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ORIGINAL ARTICLES
  • Komei IWAI, Tetsuji AZUMA, Takatoshi YONENAGA, Takaaki TOMOFUJI
    Article type: research-article
    2022 Volume 72 Issue 3 Pages 158-164
    Published: 2022
    Released on J-STAGE: August 15, 2022
    JOURNAL FREE ACCESS

     The association between pneumonia/bronchitis and regular dental care was examined in a cross-sectional study of 1,134 Japanese adults who participated in both medical and dental examinations between April 2018 and March 2019. The presence or absence of pneumonia/bronchitis was noted for participants who had pneumonia/bronchitis within the past year, according to the medical history based on medical records. The frequency of dental care was assessed using a self-reported questionnaire. Pneumonia/bronchitis was identified in 29 (3%) participants. Participants with pneumonia/bronchitis were less likely to have received regular dental care (p=0.018) compared with those who did not. Furthermore, the results of logistic analysis after adjusting for potential confounding variables showed that a diagnosis of pneumonia/bronchitis was associated with regular dental care (at least once every 6 months, odds ratio [OR]=0.399, 95% confidence interval [CI]=0.186 to 0.855). These results suggest that the presence of pneumonia/bronchitis is associated with regular dental care.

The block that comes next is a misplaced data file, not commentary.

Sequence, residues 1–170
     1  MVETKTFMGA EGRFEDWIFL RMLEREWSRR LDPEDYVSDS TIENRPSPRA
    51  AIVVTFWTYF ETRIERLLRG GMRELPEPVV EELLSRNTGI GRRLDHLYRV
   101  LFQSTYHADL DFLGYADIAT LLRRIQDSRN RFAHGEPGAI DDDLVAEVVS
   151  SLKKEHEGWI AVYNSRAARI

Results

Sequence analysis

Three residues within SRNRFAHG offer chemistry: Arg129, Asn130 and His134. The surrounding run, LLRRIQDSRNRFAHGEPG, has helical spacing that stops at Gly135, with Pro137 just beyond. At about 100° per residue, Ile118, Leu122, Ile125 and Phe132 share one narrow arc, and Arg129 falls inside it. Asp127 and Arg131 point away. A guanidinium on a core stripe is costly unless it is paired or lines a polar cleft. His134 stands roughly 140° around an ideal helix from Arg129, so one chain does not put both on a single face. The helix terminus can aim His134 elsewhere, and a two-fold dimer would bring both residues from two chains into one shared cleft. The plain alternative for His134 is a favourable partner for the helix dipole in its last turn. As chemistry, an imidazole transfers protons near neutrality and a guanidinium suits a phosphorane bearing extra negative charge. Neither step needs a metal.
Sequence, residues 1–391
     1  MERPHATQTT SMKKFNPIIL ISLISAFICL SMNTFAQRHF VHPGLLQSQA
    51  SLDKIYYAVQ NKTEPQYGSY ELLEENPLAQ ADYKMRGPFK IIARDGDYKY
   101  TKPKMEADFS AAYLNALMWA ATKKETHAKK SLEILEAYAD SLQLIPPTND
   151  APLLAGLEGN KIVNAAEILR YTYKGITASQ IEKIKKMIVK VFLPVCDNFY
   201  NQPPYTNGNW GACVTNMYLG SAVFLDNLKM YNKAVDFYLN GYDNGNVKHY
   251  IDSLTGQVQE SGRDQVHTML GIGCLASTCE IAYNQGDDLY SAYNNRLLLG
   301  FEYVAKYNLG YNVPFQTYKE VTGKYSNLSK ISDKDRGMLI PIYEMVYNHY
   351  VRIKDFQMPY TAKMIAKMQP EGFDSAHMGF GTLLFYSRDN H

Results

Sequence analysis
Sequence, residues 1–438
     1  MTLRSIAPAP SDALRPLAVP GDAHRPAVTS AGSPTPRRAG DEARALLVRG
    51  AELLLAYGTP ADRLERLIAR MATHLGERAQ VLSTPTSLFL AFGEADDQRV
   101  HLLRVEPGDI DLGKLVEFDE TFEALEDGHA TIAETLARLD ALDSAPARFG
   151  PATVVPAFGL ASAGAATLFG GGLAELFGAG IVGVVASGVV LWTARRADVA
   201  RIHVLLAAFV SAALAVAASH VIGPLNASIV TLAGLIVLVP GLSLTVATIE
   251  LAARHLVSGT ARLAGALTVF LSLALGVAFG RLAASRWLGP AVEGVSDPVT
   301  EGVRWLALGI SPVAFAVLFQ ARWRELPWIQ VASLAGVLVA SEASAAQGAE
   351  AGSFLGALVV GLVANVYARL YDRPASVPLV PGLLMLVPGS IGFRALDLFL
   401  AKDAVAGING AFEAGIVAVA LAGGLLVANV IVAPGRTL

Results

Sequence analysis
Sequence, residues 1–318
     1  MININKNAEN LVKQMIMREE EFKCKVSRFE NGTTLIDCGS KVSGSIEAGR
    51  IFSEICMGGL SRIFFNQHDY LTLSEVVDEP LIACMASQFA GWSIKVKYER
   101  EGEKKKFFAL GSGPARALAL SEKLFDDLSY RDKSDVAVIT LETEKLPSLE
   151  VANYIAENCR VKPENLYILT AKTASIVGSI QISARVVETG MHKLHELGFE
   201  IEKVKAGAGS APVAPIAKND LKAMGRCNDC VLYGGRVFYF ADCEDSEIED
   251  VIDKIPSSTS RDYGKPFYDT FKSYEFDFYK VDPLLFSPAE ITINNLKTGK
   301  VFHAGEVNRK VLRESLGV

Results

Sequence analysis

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  • Mai OTOMO, Kazuyo MATSUURA
    Article type: research-article